Kijou gets devoured by Ayame and disappears without a trace. Meanwhile, Ayame survives (kind of, she’s a ghost after all).

The “main character” and the “hero” are not quite the same thing. Missing v1 is written in third person and it pays differing degrees of attention to the members of the Literature club, but the hero of the novel is, without a doubt, Utsume Kyouichi. He’s a rather emotionless intellectual type who wears black all the time. Even the author doesn’t treat him dead-seriously, though. He gets nicknamed “the Dark Prince” and his fellow students seem to treat him as the school’s resident weirdo. He isn’t a Yohane-style comical chuuni-byou patient, though. His weirdness becomes more understandable the more we learn about his background.

Since Utsume is the titular “missing” person, the novel focuses on his fellow members of the Literature Club, most of the time. Or should I say: his fans. The entire intrigue revolves around Utsume, and his friends, as characters, are all built around their relation to him. Kondou Takemi, the underdog with low self-esteem, for example, resents his normalcy and respects Utsume as someone he would like to become. Kidono Aki is a traumatized misanthrope who sees Utsume as the first person she has ever met who is like her. They all treat Utsume as this wise, respect-commanding entity. The characters are fleshed out enough for a 220-page novel to feel real.

The novel’s subtitle is “Kamikakushi no Monogatari”, (“Spirited Away” in English) which means that the supernatural problem that the characters are facing is unexplainable disappearances – instances of people being taken to another world, never to be seen again – a folklorey explanation for people going missing in the olden times. The novel teaches you a bit about what Japanese folklore has to say about those. In the novel, a rare book is responsible for people disappearing – even though Missing could hardly be called a “book about books”, Kouda Gakuto clearly is deep into literature. He references some actaully existing works like Sakaguchi Ango’s “Sakura no Mori no Mankai no Shita” and “Botan Dourou” – a rakugo story, although it seems like only a superficial mention.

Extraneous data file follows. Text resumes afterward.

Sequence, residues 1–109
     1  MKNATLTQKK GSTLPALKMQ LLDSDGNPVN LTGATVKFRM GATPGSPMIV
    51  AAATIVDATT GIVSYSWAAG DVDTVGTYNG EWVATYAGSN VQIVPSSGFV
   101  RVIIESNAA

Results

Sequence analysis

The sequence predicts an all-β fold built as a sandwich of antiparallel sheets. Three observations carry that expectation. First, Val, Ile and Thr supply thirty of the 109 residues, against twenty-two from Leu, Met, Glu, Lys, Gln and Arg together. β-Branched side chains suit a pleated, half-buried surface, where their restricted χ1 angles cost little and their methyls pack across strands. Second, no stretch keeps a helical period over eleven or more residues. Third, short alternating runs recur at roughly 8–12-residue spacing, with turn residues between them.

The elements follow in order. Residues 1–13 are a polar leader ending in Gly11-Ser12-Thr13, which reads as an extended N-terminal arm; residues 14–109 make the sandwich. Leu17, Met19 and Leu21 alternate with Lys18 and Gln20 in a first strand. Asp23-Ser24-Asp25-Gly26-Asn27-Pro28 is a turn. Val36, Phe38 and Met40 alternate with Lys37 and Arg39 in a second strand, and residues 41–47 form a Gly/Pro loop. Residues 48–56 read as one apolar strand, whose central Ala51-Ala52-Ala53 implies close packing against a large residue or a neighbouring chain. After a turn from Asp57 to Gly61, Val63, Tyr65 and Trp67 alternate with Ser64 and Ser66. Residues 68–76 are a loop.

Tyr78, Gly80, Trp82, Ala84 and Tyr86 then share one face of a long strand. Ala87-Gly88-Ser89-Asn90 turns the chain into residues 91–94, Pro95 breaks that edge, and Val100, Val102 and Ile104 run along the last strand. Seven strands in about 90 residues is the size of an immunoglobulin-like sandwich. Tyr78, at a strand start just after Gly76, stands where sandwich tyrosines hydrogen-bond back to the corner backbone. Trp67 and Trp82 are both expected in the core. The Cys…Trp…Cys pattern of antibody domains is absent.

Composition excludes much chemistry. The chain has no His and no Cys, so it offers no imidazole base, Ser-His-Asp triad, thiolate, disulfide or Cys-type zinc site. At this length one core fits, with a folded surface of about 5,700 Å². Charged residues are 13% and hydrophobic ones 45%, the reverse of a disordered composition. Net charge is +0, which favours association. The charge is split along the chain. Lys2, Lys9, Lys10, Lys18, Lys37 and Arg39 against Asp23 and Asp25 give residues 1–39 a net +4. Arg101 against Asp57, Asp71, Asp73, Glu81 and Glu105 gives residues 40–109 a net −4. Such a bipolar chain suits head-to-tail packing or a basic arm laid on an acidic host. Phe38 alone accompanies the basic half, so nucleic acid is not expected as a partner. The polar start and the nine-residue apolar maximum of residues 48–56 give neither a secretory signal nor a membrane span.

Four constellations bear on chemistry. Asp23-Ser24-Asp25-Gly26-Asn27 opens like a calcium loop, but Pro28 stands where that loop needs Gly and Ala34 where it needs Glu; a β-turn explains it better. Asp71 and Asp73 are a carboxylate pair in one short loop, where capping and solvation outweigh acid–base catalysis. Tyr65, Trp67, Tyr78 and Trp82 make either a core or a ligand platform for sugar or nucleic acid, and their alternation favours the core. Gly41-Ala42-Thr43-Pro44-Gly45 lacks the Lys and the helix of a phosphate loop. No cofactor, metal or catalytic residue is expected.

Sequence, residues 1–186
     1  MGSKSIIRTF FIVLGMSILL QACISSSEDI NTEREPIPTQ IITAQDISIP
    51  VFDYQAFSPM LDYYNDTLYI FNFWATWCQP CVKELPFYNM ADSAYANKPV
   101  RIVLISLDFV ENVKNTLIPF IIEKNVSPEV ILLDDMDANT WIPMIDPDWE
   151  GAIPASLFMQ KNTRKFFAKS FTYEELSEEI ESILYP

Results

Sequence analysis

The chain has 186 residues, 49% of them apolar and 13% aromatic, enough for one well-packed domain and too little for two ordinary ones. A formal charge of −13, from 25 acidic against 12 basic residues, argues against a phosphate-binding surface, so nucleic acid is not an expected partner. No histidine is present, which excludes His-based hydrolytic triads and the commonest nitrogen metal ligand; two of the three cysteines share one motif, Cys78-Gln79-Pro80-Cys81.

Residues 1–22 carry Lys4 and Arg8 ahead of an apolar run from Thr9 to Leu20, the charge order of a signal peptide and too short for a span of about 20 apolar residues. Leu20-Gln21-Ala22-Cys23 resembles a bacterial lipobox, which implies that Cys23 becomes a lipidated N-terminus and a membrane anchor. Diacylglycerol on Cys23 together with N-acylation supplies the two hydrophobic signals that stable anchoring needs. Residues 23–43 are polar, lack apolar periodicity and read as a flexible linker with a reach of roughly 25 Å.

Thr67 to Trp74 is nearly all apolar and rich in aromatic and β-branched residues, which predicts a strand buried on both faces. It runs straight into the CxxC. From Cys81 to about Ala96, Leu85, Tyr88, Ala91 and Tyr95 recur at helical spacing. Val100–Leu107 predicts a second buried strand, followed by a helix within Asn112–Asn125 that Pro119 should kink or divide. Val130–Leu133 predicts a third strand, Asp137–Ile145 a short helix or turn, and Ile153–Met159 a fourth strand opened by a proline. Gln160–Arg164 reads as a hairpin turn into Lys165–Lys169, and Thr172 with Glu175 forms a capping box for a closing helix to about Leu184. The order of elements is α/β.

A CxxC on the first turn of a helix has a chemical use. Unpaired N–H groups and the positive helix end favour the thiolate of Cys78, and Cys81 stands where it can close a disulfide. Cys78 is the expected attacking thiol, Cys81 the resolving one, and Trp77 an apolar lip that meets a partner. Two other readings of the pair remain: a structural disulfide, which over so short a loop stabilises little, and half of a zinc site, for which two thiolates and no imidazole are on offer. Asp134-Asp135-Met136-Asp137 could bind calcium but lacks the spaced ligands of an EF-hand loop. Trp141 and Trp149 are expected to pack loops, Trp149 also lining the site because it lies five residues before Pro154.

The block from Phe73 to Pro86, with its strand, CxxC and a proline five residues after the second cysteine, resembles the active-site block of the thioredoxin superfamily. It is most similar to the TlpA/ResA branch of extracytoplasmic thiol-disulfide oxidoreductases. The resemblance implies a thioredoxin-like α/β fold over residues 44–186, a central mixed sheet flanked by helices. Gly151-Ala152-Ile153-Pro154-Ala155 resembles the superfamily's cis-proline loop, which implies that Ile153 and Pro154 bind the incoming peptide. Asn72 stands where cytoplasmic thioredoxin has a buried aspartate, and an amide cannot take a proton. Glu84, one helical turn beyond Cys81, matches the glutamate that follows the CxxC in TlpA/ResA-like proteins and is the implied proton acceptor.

Utsume Kyouichi wears black clothes at all times and, when asked about it, he answers that “black is the color of mourning”. Just this one line should give you an idea about the kind of audience that Missing is written for. I’ve read that it was popular among nerdy girls back in early twothousands, but the protagonist being a guy seems to suggest that Kouda Gakuto had teenage males in mind when writing. All the goths I’ve known were girls, though. The antisocial nerd interested in the occult seems to be a character type existing in high numbers in Japan. Nowadays, one would call those “chuuni-byou patients”. Except in 2001, hardly anybody knew what chuuni-byou was. I’d say that Missing was one of the works responsible for the Japanese internet starting to use the term. Or at least it was a significant early example of the aesthetics.

In the end, Missing v1 didn’t impress me much. It’s not terribly original, but it serves its purpose: it could entertain a grimdark teenager for a few hours… If you’re interested in reading it, you might find it on eBay or Biblio.com (mind that it’s out of print, therefore the used copies are rather expensive).


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1 Response to Missing v1 or The Origins of Chuuni-byou

  1. Pingback: Missing v2 or Edgeson Grimmington and the Sign of the Cross | Bednorz: The Weeablog